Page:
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The student news site of Marquette University

Marquette Wire

MU students provide support for kids at Camp Kesem

Photo by Courtesy of Bella Rosa Productions
Camp Kesem takes place one week in June.

Camp Kesem is a week-long summer camp for children who have been affected by a parent’s cancer and supports the children through and beyond their experiences. The costs of the camp are completely free for the children and the money is raised throughout the year.

Kesem means magic in Hebrew, and it is used as an umbrella for all of the magic the organization creates for everyone involved or touched by it.

The support doesn’t just stop after the summer camp but lasts throughout the year. Camp Kesem has Zoom calls, cabin chats and other events for the counselors to offer their continued support to the children. They also send birthday cards and gift baskets for important events such as diagnosis days, anniversaries and the day a parent passed.

The camp counselors work alongside nurses and mental health professionals to give the children the best support possible.

Gottinger got involved with Camp Kesem because he said he felt like he could relate to the children on some level due to having a sister with a disability.

“I know what it’s like for someone to deal with a lot of adversity in their life and I really like spending time with those kinds of kids. All these kids at camp have been through so much in their life, and I figured it’s the least I can do to help them out a little bit and give them a good week,” Joseph Gottinger, a senior in the College of Health Sciences, said.

For Gottinger, his favorite part at camp he said was the empowerment session. During empowerment, everyone talks about why they come to Kesem.“Why we Kesem,” is one of the conversations that the counselors and children have at camp.

Although empowerment sessions are very emotional, he said it is inspiring to see the children come out of their shells.

“They all [the six to eight-year-olds] shared their stories about why they were there,” Gottinger said. “Although it’s really sad, it was probably my favorite part of camp just to see them all like that, see them all connecting with each other.”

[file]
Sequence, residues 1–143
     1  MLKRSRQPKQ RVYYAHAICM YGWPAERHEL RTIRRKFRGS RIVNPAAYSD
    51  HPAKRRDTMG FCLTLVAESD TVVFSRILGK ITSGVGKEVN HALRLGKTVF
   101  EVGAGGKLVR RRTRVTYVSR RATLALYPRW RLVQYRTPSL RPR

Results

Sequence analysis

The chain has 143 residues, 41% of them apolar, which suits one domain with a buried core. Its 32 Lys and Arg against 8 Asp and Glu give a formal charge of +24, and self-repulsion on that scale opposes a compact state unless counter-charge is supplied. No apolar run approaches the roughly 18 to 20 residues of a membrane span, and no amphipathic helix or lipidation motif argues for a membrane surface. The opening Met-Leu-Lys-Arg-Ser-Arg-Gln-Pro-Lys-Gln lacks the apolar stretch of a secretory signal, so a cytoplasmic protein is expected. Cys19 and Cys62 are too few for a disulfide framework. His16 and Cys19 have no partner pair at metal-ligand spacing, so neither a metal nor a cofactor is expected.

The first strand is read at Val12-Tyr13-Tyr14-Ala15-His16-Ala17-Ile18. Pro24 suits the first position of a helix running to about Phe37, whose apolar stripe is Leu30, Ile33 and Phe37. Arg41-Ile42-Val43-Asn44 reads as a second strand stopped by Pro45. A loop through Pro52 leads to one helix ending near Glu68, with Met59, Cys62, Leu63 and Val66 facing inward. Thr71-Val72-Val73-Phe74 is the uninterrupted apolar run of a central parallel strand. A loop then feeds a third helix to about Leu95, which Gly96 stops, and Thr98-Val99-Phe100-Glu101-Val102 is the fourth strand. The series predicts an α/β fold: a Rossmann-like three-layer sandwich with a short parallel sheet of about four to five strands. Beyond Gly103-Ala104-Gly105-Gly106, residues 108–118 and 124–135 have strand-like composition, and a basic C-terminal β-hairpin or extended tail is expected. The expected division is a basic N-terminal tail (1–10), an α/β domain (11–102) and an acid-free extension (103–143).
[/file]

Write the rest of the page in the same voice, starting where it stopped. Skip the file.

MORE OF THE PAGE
Camp Kesem has chapters on college campuses. After watching her brother get involved with Camp Kesem, Emma Brown, a junior in the College of Nursing, said she made it a requirement for any college she applied to.

“Once you meet the kids, you are hooked for life because they will change your lives in ways that no one will ever be able to impact your life. They just make such a huge difference in making you see things that you wouldn’t have seen and understanding points of view that you may never have to understand in your life,” Brown said.

Brown said she is taken aback by the strength of the children. Brown said during empowerment, a lot of the counselors realized that they are doing this for the kids.

“You Kesem because you want to give them a place that feels like home to them, you want to give them in place that can be an escape for them,” Brown said. “A place where they can talk about things that they may be too scared to talk about at home and with their families.

Brown said even if the counselors don’t fully understand what the children are going through, they can be there for them and be the person they need at the moment.

As a child, Miranda Dooley, a senior in the College of Arts & Sciences, said she went to a different summer camp herself. When she began working for summer camps, she realized that they are not always accessible.

“Knowing that coming to Kesem I was going to be able to provide this opportunity for these kids to connect through things like difficult home situations and giving them access to that same life-changing experience that I had was a big part of the reason ‘why I Kesem,’” Dooley said.

This story was written by Hannah Hernandez. She can be reached at [email protected].

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